Famed pediatric neurosurgeon Dr. James T. Goodrich, who separated conjoined twins, died Monday.
Einstein College of Medicine in New York City attributed his death to complications associated with COVID-19. He was 73.
A pioneer in his field, Goodrich developed a special method to separate twins conjoined at the skull — employing a multi-stage approach to complete the delicate work.
"Every neurosurgeon in America, maybe around the world, knew who Jim Goodrich is," said Dr. Jeffrey Oppenheim, a neurosurgeon and chair of the Rockland County Board of Health.
In 2004, Goodrich made international headlines when he successfully separated twins Carl and Clarence Aguirre, who had come with their mother from the Philippines seeking help. The 17-hour surgery demanded a 16-member surgical team.
The surgery took months to plan, with multiple surgical steps taken before the final marathon surgery to separate the boys who were fused at the top of their heads. Still, there was a surprise: a two-square-inch section of brain that was fused instead of being separated by a plane, as doctors had anticipated.
The on-the-fly solution was up to Goodrich. He patiently studied the tangle, turning the anesthetized boys as he examined the challenge. Then Goodrich found a way. A colleague after the operation called Goodrich's approach "elegant."
In 2016, Goodrich was part of the team that separated Jadon and Anias McDonald, a procedure that took 27 hours.
Goodrich had consulted on hundreds of such cases worldwide.
Goodrich connected with his young patients, and had developed a dear relationship with the Aguirre boys. For their second birthday in April 2003, the neurosurgeon baked each a chocolate cake.
The Aguirre family remained in New York.
"We were profoundly saddened to learn of Dr. Goodrich’s passing," said Larry Levine, president and CEO of Blythedale Children's Hospital, where the Aguirre twins received post-surgery rehabilitation. "Jim served on our medical staff for more than 30 years, and treated children with incredibly complex medical needs."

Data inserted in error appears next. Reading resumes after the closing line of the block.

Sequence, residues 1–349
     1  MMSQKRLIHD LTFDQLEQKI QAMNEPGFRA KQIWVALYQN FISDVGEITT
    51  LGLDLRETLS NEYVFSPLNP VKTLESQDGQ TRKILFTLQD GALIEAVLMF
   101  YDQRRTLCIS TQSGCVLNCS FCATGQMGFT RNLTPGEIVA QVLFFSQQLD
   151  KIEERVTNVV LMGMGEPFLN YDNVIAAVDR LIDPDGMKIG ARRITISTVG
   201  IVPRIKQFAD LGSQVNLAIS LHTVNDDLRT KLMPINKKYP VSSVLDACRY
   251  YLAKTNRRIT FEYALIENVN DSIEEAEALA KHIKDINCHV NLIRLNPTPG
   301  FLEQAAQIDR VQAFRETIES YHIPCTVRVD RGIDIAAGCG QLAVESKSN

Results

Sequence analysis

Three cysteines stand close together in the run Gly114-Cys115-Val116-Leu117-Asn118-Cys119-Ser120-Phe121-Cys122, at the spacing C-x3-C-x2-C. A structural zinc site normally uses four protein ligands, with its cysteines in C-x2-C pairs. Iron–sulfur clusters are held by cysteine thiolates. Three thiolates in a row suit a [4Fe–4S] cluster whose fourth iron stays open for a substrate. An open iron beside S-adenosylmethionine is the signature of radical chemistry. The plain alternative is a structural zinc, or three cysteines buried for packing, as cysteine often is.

Equally important to Goodrich's surgical skills, Levine said, was his bedside manner. "He was a brilliant surgeon, a dedicated teacher and a source of tremendous comfort to parents navigating uncharted territory."
Arlene Aguirre, the twins' mother, mourned Goodrich on Facebook. "I am devastated, sad and very angry," she wrote. "We lost the greatest person in our lives because of the damn virus."
Clarence and Carl are now 17.
Their mother addressed Goodrich in her Facebook post: "I’m grateful and thankful for everything you’ve done to us especially for the boys Carl and Clarence. You gave me a greatest gift of seeing my boys separated and giving them a whole new lives. We will never forget you and you will always be part of our lives."
Goodrich's fame in the medical community went beyond his surgical prowess. Goodrich was an expert on medical history and had an impressive collection of rare medical books.
"He was truly a Renaissance man," Oppenheim said.
Oppenheim called the loss of Goodrich from COVID-19 painful.
"It gives you the sense of the human cost of what's coming because this disease," Oppenheim said.
Goodrich served as director of the Division of Pediatric Neurosurgery at Montefiore and was a professor of neurological surgery in pediatric, plastic and reconstructive surgery at Einstein, a top medical school and research institution.
A veteran of the U.S. Marines, Goodrich served in the Vietnam War.
He is survived by his wife and three sisters, according to Montefiore.
Follow reporter Nancy Cutler on Twitter at @nancyrockland
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